Virtual Heroes, a Raleigh, N.C.-based firm that focuses on so-called serious games technology for use in education and training, has teamed up with Duke University School of Medicine to use virtual reality and 3D technology for medical training, LocalTechWire reports. The two organizations have collaborated to develop a first-person video game (3DiTeams) for use in medical education. On May 27, the two said they would partner on efforts to further develop training tools. “This partnership brings together two world-class organizations with complementary resources and a shared commitment to advancing and improving medical education and training,” said Jeffrey Taekman, assistant dean for educational technology at Duke…

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Image-conscious youth rein in social networking

Three in 10 young adults surveyed say they "never" trust social media sites.

It might go against conventional wisdom, but a new report from the Pew Internet & American Life Project is adding fuel to the argument that young people are fast becoming the gurus of online reputation management, especially when it comes to social networking sites.

Among other things, the study found that young adults ages 18-29 are the most likely to limit the amount of personal information they share online—and the least likely to trust free online services ranging from Facebook to LinkedIn and MySpace.

Marlene McManus, 21, is among those young adults. On the job hunt since graduating from Clark University in Massachusetts, she’s been “scouring” her Facebook page, removing photos that contain beer cups and any other signs of college exploits. She’s also dropped Twitter altogether.

“I have to present a public face that doesn’t have the potential to hurt my image,” McManus says.

She has seen otherwise upstanding adults, well past their 20s, sharing compromising photos and questionable rants with too many people online. “I get embarrassed for these people and sometimes just want to shake them,” she says.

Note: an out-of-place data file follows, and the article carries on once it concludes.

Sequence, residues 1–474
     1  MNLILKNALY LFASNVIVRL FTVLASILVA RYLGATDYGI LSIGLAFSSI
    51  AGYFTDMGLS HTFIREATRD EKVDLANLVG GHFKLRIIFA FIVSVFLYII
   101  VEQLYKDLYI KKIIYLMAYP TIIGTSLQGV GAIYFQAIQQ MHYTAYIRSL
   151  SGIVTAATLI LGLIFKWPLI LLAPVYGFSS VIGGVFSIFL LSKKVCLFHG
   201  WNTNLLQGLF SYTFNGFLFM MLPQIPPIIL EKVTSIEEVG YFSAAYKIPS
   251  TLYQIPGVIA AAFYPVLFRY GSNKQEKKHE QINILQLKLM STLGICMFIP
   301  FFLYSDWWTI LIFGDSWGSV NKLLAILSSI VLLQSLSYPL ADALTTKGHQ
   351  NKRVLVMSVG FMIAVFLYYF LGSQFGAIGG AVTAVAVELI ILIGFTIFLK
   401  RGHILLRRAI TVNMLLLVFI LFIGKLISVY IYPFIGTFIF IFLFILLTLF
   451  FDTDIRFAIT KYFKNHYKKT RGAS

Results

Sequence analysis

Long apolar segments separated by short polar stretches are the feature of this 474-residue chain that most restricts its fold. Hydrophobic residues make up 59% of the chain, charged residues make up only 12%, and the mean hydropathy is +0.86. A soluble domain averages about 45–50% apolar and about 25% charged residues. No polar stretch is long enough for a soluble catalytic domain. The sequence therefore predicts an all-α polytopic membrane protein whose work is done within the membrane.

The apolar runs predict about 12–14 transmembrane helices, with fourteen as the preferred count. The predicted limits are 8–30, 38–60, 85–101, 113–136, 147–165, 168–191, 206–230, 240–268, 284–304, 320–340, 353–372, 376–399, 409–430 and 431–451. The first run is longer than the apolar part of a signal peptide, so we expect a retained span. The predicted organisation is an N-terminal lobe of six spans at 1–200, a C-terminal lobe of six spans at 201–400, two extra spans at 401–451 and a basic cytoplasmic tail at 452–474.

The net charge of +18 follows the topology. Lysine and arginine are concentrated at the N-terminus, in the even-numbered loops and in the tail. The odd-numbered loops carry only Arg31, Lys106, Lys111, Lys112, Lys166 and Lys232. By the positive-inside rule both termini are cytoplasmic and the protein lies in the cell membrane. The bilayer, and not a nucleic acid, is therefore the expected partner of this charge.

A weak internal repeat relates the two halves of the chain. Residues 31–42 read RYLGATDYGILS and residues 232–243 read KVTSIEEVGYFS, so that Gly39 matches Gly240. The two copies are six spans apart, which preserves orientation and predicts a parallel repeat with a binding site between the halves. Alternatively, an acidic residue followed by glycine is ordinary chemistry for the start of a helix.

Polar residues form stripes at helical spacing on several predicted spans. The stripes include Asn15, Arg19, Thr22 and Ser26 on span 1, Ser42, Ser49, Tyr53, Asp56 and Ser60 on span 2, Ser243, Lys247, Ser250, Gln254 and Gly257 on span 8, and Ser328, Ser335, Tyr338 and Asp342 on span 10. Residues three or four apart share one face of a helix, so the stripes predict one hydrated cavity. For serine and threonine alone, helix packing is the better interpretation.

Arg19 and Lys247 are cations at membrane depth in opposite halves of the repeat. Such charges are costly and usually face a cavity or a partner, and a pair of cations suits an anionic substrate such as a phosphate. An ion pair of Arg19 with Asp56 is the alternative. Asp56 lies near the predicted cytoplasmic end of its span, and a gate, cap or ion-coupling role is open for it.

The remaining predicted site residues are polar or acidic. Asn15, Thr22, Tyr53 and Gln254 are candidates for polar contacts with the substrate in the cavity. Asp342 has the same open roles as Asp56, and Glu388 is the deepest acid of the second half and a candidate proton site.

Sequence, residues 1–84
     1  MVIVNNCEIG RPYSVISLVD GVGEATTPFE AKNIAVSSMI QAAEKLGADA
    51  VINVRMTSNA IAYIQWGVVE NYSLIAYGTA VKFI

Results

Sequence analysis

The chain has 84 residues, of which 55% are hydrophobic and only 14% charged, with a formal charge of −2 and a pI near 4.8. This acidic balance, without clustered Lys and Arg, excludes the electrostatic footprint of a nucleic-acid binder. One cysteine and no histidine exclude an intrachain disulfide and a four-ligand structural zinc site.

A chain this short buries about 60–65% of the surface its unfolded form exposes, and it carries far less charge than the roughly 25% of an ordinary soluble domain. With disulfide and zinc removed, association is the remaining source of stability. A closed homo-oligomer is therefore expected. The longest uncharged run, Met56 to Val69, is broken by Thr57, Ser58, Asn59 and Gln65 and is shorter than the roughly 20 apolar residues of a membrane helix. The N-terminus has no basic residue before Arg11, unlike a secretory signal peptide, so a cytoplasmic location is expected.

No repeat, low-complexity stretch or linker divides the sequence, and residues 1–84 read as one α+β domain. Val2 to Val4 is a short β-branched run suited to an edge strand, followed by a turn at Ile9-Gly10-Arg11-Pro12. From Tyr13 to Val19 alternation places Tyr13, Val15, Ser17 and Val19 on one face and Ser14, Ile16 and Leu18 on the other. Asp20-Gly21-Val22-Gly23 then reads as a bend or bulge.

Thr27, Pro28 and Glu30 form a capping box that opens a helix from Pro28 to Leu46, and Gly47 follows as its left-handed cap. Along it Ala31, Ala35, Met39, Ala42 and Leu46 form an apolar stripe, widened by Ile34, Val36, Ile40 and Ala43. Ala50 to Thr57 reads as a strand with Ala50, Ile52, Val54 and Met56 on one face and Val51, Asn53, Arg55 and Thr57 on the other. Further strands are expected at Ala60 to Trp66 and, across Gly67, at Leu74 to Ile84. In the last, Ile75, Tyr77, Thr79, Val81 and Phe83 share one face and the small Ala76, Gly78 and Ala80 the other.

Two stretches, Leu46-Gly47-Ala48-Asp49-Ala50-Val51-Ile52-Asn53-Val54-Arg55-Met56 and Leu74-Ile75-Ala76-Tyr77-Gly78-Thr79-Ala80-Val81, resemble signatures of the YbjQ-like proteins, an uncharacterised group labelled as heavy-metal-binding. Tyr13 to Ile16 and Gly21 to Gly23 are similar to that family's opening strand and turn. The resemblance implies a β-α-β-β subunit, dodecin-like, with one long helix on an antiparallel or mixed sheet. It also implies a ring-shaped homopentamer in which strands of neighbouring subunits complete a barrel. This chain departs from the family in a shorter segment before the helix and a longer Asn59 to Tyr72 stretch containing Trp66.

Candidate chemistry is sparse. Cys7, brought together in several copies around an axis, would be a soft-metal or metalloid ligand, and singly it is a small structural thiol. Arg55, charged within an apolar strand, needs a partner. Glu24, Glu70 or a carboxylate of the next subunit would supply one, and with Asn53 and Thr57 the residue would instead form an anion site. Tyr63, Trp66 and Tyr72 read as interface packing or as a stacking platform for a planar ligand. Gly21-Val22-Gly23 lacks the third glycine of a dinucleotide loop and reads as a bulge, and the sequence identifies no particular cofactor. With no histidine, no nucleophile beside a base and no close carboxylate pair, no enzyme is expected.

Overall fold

In this instance, adults over the age of 30 might do well to listen. The Pew study is the latest in a mounting body of new research that suggests the very generation accused of sharing too much information online is actually leading the pack in online privacy.

The Pew study found, for instance, that social networkers ages 18 to 29 were the most likely to change the privacy settings on their profiles to limit what they share with others online. The percentage who did so was 71 percent, compared with just 55 percent of the 50- to 64-year-old bracket. Meanwhile, about two-thirds of all social networkers who were surveyed said they’ve tightened their security settings.

The survey also determined that:

• About half of young people in that 18-29 bracket have deleted comments that others have made on their profile, compared with just 29 percent of those ages 30 to 49 and 26 percent of 50- to 64-year-olds. The numbers were similar when it came to social networkers who removed their names from photos that were tagged to identify them.

• When asked how much they can trust social networking sites, 28 percent of the youngest adults surveyed said “never.” A fifth of those surveyed in the 30-49 age bracket said that, and just 14 percent of those ages 50 to 64 agreed.

The Pew report, which was released May 27, was compiled from telephone interviews conducted by Princeton Survey Research International between Aug. 18 and Sept. 14, 2009, among a sample of 2,253 adults. The margin of error is plus or minus 2.3 percentage points.

Mary Madden, the Pew researcher who was the study’s lead author, says the findings partly reflect the fact that young people have been using social networking longer than their elders, thus making them more experienced in dealing with its intricacies.

But she says young adults also are at a point in their lives where, like McManus, they’re looking for work and just starting to develop a name for themselves.

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Facebook adjusts privacy controls after complaints

Facebook CEO Mark Zuckerberg admitted that "a lot of people are upset with us."